Tracie Welsh hates MRIs, she hates giving herself injections, and she hates having MS.
Now, she is trying a new kind of treatment: CCSVI (chronic cerebro-spinal venous insufficiency).
It is a very new and controversial procedure. CCSVI is a condition where veins in the neck get narrowed. This procedure allows blocked veins to get the proper drainage of blood from the brain. The back-up helps leave iron deposits on the brain.
Thousands of people have been clamoring for this potential cure. There are Facebook pages devoted to it, there have been angry protests, and there has been general anxiety among patients with the illness who think they can benefit from this new simple procedure by Italian vascular surgeon Dr. Paolo Zamboni. The story bubbled up to the boiling point and onto the pages of The New York Times in an amazing in-depth story about the procedure and the patient frustration.
Welsh is a mom in British Columbia, Canada who is blogging about her struggle with MS, and her search for a cure. Read her blog posts here.
In a The New York Times article, it explains in great detail the intense demand and patient frenzy for the chronic cerebrospinal venous insufficiency (CCSVI) treatment.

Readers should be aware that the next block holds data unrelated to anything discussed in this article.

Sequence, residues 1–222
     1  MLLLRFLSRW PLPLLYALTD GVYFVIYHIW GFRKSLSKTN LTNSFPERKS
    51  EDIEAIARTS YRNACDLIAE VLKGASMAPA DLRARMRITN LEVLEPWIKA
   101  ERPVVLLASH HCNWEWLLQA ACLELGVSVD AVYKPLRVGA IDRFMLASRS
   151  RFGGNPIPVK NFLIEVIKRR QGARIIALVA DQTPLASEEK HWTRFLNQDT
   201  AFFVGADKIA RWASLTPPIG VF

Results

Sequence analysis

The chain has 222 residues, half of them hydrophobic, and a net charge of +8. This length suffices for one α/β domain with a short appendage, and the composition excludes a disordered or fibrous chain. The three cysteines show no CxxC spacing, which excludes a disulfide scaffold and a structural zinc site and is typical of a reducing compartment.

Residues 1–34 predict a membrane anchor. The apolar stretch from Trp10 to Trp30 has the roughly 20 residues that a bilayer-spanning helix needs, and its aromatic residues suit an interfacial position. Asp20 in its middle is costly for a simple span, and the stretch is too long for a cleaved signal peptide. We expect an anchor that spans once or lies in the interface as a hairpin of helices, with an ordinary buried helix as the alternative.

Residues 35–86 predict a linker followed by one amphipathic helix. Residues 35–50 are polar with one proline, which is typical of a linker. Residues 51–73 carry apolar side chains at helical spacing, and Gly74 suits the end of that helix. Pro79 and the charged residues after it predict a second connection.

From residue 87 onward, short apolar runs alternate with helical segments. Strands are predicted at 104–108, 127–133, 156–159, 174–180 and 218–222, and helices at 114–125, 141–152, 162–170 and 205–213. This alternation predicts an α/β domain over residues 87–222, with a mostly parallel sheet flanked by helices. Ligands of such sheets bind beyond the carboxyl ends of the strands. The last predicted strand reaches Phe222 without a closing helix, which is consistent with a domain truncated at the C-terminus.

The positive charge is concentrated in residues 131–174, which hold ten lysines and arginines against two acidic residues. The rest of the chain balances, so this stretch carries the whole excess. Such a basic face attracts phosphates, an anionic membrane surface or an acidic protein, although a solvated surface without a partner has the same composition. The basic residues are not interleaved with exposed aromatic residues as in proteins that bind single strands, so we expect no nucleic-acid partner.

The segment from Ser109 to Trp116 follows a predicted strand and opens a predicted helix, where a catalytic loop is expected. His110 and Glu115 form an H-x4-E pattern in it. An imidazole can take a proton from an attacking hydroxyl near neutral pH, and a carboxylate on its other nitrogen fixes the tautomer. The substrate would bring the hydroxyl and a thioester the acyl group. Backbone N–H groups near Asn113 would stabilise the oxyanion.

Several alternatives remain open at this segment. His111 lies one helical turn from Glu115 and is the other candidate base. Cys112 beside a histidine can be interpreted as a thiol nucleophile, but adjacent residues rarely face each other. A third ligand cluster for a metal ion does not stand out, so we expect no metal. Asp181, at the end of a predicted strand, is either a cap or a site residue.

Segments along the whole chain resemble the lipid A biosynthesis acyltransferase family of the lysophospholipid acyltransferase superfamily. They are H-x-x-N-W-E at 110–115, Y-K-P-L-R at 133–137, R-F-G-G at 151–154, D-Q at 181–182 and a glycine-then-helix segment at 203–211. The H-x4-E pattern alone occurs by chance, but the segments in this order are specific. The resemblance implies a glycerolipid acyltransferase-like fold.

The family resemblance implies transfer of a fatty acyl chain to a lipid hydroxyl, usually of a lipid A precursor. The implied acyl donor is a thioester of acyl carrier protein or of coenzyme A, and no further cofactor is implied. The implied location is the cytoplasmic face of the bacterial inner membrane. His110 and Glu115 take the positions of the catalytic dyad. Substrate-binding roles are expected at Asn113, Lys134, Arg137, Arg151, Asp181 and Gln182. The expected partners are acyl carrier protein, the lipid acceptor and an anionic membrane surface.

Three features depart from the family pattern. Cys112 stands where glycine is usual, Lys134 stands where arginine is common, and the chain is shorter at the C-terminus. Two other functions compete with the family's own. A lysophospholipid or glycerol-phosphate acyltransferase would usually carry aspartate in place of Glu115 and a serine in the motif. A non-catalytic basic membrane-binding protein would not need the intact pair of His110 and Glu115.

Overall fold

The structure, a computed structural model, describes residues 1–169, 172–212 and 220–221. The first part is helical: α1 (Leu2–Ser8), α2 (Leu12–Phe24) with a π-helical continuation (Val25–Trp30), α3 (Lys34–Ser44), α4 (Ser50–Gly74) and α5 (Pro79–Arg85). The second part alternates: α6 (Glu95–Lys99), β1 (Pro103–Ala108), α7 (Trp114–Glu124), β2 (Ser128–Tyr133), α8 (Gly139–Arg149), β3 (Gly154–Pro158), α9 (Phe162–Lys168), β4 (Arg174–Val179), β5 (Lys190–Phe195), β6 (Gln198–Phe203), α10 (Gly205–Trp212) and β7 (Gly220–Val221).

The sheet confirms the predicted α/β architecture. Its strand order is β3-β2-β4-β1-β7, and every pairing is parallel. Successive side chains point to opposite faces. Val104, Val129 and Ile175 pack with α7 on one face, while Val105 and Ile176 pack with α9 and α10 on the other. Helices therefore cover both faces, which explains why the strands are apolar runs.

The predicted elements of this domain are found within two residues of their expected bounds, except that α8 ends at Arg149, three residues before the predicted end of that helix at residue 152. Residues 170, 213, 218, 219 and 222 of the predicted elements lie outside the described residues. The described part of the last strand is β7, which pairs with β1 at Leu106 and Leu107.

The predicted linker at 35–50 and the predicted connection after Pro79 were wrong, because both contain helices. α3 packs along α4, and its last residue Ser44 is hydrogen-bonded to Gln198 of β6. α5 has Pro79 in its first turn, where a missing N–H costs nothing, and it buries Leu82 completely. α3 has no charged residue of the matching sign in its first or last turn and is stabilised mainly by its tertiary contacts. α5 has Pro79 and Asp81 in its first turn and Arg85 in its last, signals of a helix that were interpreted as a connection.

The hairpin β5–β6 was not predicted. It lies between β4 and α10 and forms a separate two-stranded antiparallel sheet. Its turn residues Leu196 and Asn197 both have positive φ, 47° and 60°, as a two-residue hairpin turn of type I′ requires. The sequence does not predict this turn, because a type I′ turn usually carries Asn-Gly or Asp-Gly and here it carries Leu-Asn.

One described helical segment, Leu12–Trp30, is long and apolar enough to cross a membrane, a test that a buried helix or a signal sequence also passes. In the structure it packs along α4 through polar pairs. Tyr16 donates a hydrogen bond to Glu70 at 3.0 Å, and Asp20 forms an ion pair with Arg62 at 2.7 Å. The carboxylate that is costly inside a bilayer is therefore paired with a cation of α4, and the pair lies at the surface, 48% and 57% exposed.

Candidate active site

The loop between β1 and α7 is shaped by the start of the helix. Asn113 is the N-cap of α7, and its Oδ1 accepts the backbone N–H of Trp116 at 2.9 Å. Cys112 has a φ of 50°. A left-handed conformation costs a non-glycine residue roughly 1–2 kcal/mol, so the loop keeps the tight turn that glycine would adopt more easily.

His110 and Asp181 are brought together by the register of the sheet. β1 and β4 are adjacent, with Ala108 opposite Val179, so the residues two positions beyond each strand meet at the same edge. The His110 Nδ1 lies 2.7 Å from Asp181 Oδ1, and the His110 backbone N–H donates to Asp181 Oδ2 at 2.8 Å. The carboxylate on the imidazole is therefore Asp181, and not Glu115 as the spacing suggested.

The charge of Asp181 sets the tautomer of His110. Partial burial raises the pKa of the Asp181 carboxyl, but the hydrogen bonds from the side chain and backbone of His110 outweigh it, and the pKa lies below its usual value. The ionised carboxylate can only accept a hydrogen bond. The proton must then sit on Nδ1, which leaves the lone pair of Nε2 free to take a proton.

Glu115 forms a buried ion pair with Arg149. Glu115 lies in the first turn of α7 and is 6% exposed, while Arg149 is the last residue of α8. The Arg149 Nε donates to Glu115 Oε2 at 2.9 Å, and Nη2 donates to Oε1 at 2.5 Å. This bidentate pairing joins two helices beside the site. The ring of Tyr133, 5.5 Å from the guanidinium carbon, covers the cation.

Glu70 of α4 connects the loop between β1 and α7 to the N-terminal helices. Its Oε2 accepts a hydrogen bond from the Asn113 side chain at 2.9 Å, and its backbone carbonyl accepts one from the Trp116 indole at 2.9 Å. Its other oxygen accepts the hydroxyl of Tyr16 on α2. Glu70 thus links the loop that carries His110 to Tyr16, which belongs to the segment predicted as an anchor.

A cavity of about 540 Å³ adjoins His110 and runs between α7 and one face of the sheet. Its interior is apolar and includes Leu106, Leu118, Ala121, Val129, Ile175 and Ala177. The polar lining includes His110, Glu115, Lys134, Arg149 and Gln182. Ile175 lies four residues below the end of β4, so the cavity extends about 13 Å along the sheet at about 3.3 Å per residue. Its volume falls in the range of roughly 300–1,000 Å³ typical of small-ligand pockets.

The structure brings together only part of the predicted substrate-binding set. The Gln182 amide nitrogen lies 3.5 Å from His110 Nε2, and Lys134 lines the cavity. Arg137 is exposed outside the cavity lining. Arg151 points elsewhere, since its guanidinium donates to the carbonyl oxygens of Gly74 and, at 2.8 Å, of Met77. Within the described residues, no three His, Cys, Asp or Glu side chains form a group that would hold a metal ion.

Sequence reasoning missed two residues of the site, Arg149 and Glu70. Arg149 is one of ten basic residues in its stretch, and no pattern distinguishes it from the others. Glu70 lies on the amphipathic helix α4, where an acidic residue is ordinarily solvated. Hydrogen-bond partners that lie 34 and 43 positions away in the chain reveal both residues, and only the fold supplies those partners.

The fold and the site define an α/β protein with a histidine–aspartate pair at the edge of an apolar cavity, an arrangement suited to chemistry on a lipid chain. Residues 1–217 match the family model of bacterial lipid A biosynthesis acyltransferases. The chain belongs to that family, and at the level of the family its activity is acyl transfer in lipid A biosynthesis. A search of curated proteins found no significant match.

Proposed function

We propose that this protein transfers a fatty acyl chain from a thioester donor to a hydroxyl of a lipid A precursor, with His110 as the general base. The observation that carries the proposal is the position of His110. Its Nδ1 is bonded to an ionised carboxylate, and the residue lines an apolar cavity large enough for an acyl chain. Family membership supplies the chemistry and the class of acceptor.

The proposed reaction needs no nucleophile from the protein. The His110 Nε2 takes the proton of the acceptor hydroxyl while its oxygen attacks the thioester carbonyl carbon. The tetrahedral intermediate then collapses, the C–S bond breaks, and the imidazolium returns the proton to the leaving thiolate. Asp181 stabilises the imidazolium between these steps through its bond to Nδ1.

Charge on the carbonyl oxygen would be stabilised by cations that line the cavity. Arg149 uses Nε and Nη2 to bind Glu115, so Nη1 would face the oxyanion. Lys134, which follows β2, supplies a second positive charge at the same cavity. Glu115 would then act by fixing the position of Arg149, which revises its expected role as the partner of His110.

The article says:
Dr. Zamboni believes that the disease, which damages the nervous system, may be caused by narrowed veins in the neck and chest that block the drainage of blood from the brain. He has reported in medical journals that opening those veins with the kind of balloons used to treat blocked heart arteries—an experimental treatment he calls the “liberation procedure”— can relieve symptoms.
The Internet can be credited with spreading the news about the radical idea and treatment. The doctors who have tried the procedure in the United States have been thwarted, and Dr. Zamboni is overwhelmed.
Welsh explains: “Maybe if I write to you in a personal diary, you’ll see that we’re not just one, but many. We’re an entire community, and we can get together to become a force. Maybe the ideas we share will help us to change the opinions of people in the government and medical communities. I don’t know, I’m going to try.”